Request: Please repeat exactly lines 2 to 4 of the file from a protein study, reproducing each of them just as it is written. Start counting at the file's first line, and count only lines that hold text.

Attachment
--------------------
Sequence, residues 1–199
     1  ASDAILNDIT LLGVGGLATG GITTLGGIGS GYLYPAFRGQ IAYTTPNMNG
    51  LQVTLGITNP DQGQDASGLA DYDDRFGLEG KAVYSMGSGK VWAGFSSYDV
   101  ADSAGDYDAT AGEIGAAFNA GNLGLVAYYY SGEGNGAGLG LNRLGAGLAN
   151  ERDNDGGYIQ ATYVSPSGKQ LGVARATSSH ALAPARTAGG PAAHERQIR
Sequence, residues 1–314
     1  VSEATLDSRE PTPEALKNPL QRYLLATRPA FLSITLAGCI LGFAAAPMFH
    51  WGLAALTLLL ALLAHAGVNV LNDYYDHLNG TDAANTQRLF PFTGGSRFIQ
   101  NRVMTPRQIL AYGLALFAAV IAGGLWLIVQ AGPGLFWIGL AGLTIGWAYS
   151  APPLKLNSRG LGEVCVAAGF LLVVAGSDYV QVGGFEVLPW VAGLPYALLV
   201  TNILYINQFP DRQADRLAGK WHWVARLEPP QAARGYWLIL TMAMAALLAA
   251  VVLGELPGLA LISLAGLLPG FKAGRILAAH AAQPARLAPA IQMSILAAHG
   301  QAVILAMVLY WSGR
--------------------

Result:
     1  ASDAILNDIT LLGVGGLATG GITTLGGIGS GYLYPAFRGQ IAYTTPNMNG
    51  LQVTLGITNP DQGQDASGLA DYDDRFGLEG KAVYSMGSGK VWAGFSSYDV
   101  ADSAGDYDAT AGEIGAAFNA GNLGLVAYYY SGEGNGAGLG LNRLGAGLAN